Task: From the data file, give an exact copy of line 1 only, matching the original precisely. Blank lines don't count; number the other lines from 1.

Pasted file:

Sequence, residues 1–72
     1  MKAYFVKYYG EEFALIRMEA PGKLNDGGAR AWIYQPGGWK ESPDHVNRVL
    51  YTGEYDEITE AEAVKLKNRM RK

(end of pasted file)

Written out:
Sequence, residues 1–72